IdleRich

IdleRich
Whose death was it that led to them dying champagne with guinness to make black velvet?
Also, I always like the name high-ball, it takes me to some kind of sophisticated bright young thing type party, possibly on a cruise liner.
 

constant escape

winter withered, warm
Linebaugh's long island iced tea mixed with lite beer hits that target of ironically sophisticated college beverage, and there ought to be a proper name for it.

As for the black velvet, I thought it was cider and Guinness - but upon googling it, it turns out the cider/Guinness combo is a Poor Man's Black Velvet, which is the only one I've tried, at a pub in Santa Monica. The champagne one is enticing.

As to whose death, from wikipedia:

The drink was first made by a bartender of Brooks's Club in London in 1861 to mourn the death of Prince Albert, Queen Victoria's Prince Consort.[1][2] It is supposed to symbolize the black or purple cloth armbands worn by mourners. It was said that β€œeven the champagne should be in mourning.” Today, the drink is not exclusive to mourning.
 

IdleRich

IdleRich
Feeling a bit under the weather today (got some weird kind of eye infection thing) but managed to drag myself out of bed to meet girlfriend for lunch in this kinda cheapo tavern down the road cos she saw they had liver advertised - but they had run out by the time she ordered, she was angry. Anyway, I didn't eat but in a desperate attempt to feel better I ordered a shot (which was basically more like a quadruple) of some fire-water thing I saw one of the locals drinking. God knows what it was but it tasted like aniseed tequila or something. Hairs are literally growing on my chest right now.
 

constant escape

winter withered, warm
Yeah I've been conditioning myself to that lately, with absinthe. Don't know if its the proper grande wormwood stuff, or if most of the reputation of absinthe is just myth.

But I'd imagine it can be a more dexterous ingredient if you use it in small doses, no? A hint of that anise/licquorice taste. Certainly a bit much on its own, but then again I think thats how it should be.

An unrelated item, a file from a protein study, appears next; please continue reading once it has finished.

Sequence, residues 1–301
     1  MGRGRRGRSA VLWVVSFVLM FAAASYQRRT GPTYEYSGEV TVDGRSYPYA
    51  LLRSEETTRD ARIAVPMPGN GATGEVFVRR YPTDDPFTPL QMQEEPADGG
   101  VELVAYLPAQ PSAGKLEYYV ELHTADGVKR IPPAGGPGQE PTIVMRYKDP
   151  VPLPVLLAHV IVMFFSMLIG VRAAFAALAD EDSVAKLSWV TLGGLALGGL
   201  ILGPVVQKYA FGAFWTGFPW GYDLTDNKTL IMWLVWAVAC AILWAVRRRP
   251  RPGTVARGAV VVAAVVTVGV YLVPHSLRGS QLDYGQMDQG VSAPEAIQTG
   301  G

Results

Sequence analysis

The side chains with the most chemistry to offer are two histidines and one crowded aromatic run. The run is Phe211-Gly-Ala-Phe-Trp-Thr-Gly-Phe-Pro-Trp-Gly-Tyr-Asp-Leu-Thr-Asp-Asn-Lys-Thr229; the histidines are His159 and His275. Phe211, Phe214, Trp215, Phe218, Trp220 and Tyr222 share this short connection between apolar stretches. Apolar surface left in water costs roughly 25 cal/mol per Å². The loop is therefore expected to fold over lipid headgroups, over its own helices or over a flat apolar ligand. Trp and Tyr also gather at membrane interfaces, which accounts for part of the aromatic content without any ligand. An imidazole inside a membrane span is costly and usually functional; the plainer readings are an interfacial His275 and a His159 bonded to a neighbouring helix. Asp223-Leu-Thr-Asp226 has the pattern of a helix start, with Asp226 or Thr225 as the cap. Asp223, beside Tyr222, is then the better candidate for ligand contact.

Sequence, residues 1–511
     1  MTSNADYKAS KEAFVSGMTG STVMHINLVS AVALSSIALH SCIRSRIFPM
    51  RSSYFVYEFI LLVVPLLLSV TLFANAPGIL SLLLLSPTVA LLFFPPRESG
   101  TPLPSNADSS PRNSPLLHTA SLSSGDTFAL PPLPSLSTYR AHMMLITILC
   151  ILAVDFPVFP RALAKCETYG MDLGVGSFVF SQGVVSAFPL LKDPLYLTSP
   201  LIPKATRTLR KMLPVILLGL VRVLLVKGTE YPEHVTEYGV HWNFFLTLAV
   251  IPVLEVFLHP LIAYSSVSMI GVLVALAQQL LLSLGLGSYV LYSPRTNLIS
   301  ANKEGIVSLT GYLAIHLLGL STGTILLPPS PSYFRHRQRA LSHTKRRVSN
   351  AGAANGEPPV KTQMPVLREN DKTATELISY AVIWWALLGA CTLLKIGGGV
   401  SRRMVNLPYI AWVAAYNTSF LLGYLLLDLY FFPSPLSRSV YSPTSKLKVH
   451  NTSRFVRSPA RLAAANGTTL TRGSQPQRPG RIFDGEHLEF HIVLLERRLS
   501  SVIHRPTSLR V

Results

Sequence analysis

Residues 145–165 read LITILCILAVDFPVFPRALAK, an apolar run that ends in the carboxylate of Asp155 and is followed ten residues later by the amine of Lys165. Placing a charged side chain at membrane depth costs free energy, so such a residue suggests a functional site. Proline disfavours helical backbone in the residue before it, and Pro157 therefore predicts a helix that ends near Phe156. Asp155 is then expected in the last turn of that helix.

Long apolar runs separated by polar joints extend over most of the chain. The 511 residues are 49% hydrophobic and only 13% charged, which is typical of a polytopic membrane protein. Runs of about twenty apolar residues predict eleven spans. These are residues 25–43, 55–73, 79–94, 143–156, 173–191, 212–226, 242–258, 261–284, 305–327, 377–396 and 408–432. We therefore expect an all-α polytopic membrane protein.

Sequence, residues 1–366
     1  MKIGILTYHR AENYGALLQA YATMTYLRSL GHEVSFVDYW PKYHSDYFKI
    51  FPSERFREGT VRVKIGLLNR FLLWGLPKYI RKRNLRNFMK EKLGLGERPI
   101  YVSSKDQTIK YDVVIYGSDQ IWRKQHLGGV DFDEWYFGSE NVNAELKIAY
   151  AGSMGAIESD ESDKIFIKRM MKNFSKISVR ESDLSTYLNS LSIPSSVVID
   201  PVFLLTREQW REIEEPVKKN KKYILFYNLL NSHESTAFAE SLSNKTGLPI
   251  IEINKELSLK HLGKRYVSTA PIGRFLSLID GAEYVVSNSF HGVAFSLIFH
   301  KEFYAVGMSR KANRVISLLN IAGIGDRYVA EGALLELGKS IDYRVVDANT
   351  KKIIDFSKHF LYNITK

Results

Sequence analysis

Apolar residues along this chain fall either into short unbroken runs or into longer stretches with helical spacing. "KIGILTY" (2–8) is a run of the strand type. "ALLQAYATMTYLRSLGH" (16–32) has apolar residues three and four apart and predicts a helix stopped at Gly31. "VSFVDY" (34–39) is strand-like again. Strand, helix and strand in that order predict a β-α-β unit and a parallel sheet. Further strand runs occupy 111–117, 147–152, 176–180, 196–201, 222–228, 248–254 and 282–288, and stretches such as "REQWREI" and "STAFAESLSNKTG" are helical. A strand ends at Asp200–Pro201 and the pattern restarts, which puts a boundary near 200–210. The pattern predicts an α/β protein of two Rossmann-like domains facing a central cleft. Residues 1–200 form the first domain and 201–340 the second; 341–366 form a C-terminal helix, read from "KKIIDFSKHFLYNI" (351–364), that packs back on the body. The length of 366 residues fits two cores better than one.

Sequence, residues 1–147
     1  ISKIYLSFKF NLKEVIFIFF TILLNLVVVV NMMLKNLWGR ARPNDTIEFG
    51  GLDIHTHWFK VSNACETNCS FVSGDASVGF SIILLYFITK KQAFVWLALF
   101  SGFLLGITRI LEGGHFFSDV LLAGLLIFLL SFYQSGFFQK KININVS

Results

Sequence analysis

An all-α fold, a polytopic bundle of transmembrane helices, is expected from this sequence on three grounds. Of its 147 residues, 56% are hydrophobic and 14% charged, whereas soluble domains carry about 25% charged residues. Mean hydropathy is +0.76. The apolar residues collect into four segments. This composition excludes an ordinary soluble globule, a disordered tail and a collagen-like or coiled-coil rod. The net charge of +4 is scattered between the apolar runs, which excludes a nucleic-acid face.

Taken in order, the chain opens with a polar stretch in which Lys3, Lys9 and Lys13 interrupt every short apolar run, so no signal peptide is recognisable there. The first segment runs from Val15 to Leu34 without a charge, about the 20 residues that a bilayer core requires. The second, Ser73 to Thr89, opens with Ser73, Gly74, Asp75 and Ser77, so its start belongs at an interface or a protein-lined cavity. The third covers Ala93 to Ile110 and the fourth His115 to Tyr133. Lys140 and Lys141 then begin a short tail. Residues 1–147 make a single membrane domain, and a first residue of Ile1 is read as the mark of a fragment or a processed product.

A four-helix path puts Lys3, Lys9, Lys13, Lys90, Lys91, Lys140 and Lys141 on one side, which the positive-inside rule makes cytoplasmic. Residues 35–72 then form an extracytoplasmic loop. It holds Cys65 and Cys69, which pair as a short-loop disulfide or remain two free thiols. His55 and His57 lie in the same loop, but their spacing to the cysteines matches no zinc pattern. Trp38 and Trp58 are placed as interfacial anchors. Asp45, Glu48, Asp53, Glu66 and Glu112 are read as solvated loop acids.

IdleRich

IdleRich
What's the white aniseed one that they dilute in France? Pastis is it? Strange - in fact is it colourless until you add water?
 

IdleRich

IdleRich
Yeah. I like licorice sweets (although did you read that article the other day about a guy who ate too many and died?) but in a drink I'm not so sure. I didn't know what this one was when I ordered it. Just wanted something to keep the cold out cos it is absolutely twatting down here today (and yesterday).
 

constant escape

winter withered, warm
Haven't tried Pastis, and didn't know that about it. And yeah there does seem to be a strangely wide variety of such liquors.

licorice (n.)
type of leguminous plant, the dried roots of which were anciently used as a medicine and as a sweet, also liquorice, c. 1200, licoriz, from Anglo-French lycoryc, Old French licorece (also recolice), from Late Latin liquiritia, alteration of Latin glychyrrhiza, from Greek glykyrrhiza, literally "sweet root," from glykys "sweet" (see gluco-) + rhiza "root" (from PIE root *wrād- "branch, root"); form influenced in Latin by liquere "become fluid," because of the method of extracting the sweet stuff from the root. French réglisse, Italian regolizia are the same word, with metathesis of -l- and -r-.

liquor (n.)
c. 1200, likur "any matter in a liquid state, a liquid or fluid substance," from Old French licor "fluid, liquid; sap; oil" (12c., Modern French liqueur), from Latin liquorem (nominative liquor) "a liquid, liquor; wine; the sea," originally "liquidity, fluidity," from liquere "be fluid, liquid" (see liquid (adj.)).

Narrowed sense of "fermented or distilled drink" (especially wine) first recorded c. 1300; the broader sense seems to have been obsolete from c. 1700. As long as liquor is in him was a Middle English expression, "as long as he is alive," that is, "as long as he has a drop of blood left." The form in Modern English has been assimilated to Latin, but the old pronunciation persists.

I woulda thought they'd be cognate, related somehow. Perhaps there is, and etymonline just doesn't provide account of it.

It would be strange if liquor and licquorice weren't related somehow, but I guess thats liable to happen.
 

IdleRich

IdleRich
I'm not sure that they are related although there is the (old-fashioned) word "liquurish" meaning that someone is a drunk. Not sure on the spelling there.
 

constant escape

winter withered, warm
Wait a minute... I can't even edit the original post. Pretty much destroys the planned structure of this thread. But it can still function as a laboratory of sorts, feedback and whatnot.
 

constant escape

winter withered, warm
Haven't heard of raki before, but upon googling it I was presented with a short video of Michael Palin drinking some at a restaurant whilst awkwardly withstanding a serenade.
 

IdleRich

IdleRich
Speaking of French drinks (as I was a second ago) I am rather partial to a kir (which I think is wine and blackcurrant cordial) or better still kir royale (champagne and blackcurrant) as an aperitif.
I also like those little shots you get sometimes that are kind of like a miniature (and simpler) bloody mary but with an oyster inside.
 

luka

Well-known member
Gwyneth Paltrow is partial to a Gibson, a martini with loads of massive pickled onions plonked in it. good girl.
 

linebaugh

Well-known member
@constant escape I think those slap dash dude/lad 'ironically sophisticated college beverages' are moves rather than drinks. If we were to name them that would have to be considered.
 
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